“Oh I can kill you brother, I can eat you and your animate Jack.” The eyes found the Jack and stared and it ‘chittered’, a hungry smackleing sound. “I have found Jokers quite tasty, though cards are not. I wonder what you will taste like my Jack of all Trades.” He turned back to Khamet. “No brother, until you have a name given to you by me or the Popularopinion, you are still quite vulnerable. I have a name! And now…” The Jabberwock shot forward breeching the trees and at this the Jack did step back.
There was no telling what he was seeing, though with all the creatures and of all the wonders of Heere, the Jack had never seen something so horrible. There was once tales told of a dragon that lived in the Purple Rock Candy Mountains. He had seen pictures drawn and the Jokers had a story of its death that described the thing fully. The Jabberwock was worse than that. So utterly indescribable it was as if all the animals it had consumed had merged in a beast with tight leathery skin like that of something that had been burned. It had something that looked like wings on its back, but so small and deformed they would certainly not fly. Stubbly little arms reached out from a thin body and ended at two great powerful legs, each ending in clawed hoof like feet.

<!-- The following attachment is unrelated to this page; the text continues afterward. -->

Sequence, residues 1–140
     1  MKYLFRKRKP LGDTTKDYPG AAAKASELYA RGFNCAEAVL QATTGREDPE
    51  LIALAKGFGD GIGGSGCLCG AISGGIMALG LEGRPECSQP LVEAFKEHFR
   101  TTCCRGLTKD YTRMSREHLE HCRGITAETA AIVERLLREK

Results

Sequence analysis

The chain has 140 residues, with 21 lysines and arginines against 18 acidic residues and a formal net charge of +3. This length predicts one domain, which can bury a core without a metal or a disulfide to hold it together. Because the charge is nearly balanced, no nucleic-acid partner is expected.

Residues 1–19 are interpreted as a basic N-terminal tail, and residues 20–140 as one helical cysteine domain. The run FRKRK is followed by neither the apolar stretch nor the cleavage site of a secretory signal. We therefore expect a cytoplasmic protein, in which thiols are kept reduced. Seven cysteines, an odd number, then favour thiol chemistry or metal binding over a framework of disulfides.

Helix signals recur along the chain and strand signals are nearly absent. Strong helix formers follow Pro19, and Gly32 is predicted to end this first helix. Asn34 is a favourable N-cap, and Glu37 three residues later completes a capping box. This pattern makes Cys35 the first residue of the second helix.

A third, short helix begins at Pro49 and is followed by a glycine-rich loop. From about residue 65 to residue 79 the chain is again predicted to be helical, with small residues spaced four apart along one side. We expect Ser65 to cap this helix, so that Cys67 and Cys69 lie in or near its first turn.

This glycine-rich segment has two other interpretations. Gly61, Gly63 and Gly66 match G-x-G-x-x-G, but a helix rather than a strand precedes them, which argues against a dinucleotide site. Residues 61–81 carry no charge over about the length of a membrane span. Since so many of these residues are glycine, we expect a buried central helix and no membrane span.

Khamet also stared, his mind going back to his time at the harbor and the old seaman. While out in the city he had seen pictures of a horrible looking man who was terribly deformed with a twisted body and a strange head far too large for his size with bulging lumps all over its back. People called him The Elephant Man, and at the very least he could see that it might have been man, but there was no trace of cat in his brother any longer. Was this from eating the mome raths? Too many mushrooms? Their essence having twisted him into something that even the mushrooms could no longer affect? Was it the Payasograss? Or was it a combination of them all that had turned him into something so indescribable?